For Immediate Release:
January 26, 2017
David Perle 202-483-7382
Today, PETA member Eilene Cohhn—represented by in-house counsel from the PETA Foundation as well as Washington-based public-interest law firm Meyer Glitzenstein & Eubanks LLP—filed the opening brief in her appeal of the lawsuit aimed at stopping the Pilot Archery Managed Deer Hunting Program, which allows hunters to use high-powered crossbows and vertical bows to kill deer in parks in Montgomery County, Maryland.
Cohhn’s lawsuit alleges—and the trial court found—that because expert sharpshooters are available and have an error rate of less than 1 percent, the crossbow program, which has an error rate of at least 7 percent, is not the most humane method reasonably available to kill deer. The trial court found that killing deer with crossbows did not amount to cruelty, but Cohhn’s appeal argues that since the available expert sharpshooters could kill deer swiftly and certainly, any animals who die slowly or are left injured by steel arrows suffer needlessly, in violation of Maryland’s prohibition on causing animals unnecessary suffering and pain—so the trial court’s findings are inconsistent.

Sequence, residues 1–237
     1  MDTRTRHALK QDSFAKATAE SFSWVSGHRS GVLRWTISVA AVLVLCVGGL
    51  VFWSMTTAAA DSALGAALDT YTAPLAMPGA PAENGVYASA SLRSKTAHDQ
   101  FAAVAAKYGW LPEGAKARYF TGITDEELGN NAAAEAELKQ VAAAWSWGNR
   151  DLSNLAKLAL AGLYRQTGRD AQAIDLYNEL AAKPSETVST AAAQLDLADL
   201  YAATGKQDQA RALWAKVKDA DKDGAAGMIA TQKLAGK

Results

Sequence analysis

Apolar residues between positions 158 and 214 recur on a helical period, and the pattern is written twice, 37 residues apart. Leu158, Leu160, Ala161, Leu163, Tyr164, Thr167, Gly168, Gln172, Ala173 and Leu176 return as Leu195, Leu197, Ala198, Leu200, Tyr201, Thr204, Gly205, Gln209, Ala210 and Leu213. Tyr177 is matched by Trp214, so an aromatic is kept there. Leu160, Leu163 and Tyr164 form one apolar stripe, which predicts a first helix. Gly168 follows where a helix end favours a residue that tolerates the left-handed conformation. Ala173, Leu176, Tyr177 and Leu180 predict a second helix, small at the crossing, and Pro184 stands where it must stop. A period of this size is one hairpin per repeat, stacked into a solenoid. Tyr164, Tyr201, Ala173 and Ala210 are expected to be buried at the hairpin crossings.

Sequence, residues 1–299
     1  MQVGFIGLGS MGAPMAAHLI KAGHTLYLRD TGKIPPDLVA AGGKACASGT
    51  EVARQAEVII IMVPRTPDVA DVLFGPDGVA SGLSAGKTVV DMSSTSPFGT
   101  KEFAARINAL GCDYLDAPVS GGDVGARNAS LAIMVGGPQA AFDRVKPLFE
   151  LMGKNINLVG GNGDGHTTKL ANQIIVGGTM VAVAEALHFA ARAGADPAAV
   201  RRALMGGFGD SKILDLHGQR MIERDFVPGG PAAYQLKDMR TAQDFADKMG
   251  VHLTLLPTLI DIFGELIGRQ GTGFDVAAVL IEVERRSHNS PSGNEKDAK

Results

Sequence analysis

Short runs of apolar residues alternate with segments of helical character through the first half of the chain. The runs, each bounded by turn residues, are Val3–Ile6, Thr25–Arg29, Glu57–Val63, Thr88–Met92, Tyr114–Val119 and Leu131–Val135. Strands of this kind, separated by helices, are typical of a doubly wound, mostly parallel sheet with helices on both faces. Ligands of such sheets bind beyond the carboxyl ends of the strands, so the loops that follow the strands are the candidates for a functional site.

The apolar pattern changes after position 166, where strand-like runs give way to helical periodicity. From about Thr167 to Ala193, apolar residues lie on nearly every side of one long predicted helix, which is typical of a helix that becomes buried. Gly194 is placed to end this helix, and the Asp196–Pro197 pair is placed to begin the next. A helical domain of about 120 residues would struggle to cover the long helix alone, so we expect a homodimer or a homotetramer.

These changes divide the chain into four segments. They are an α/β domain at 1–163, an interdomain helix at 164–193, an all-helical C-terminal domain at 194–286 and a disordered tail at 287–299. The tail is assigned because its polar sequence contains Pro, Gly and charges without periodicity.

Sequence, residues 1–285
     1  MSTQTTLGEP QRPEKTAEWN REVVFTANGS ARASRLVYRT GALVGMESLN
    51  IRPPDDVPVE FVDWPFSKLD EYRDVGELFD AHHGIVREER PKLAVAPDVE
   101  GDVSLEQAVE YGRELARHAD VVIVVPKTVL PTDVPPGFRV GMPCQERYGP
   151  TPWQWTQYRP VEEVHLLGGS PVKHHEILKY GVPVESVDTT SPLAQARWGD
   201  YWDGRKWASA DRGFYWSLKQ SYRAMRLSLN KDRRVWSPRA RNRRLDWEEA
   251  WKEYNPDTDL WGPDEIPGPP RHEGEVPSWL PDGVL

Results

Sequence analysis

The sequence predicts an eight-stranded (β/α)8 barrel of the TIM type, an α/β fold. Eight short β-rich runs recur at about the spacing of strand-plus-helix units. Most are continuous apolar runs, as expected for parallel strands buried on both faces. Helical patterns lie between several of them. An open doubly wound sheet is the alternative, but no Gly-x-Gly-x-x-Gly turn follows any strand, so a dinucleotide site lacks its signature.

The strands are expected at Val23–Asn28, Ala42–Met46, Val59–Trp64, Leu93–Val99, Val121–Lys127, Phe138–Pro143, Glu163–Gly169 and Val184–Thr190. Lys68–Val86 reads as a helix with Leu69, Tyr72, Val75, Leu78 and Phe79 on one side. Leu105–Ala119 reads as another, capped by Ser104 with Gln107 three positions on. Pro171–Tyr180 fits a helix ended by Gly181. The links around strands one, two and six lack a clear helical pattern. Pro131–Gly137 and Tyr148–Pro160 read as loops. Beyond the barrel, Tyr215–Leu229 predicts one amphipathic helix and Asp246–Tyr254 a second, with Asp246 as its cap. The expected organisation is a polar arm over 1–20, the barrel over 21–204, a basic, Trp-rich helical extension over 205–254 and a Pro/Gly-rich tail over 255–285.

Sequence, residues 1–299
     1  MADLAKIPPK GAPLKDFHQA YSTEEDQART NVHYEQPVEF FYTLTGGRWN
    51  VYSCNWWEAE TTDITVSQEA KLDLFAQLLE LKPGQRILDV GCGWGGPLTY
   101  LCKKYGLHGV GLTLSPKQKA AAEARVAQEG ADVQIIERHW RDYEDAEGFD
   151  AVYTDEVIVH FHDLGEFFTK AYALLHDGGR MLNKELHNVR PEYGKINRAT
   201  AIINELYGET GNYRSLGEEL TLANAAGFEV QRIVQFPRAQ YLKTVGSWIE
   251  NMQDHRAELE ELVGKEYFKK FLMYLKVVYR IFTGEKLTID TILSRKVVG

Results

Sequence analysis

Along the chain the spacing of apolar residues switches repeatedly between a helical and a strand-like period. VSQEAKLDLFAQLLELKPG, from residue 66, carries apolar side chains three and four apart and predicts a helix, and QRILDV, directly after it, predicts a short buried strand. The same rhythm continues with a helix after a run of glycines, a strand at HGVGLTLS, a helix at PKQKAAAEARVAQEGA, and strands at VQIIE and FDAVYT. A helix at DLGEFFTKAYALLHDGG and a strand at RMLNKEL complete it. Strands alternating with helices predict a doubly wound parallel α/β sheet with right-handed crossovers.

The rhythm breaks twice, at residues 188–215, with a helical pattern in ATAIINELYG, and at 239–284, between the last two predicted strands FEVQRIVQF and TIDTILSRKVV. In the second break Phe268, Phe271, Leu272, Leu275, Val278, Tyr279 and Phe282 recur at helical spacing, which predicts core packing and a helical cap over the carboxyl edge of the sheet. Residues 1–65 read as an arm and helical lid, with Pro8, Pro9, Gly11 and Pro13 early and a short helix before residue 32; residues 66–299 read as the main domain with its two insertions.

“Lethal deer management programs don’t work, and using high-powered crossbows to shoot steel arrows through these animals’ flesh is particularly cruel, as many deer escape and slowly bleed to death from their wounds,” says general counsel to PETA Jeff Kerr. “PETA encourages residents to speak out against this inhumane and wasteful use of tax dollars.”
PETA’s motto reads, in part, that “animals are not ours to abuse in any way.”
For more information, please visit PETA.org.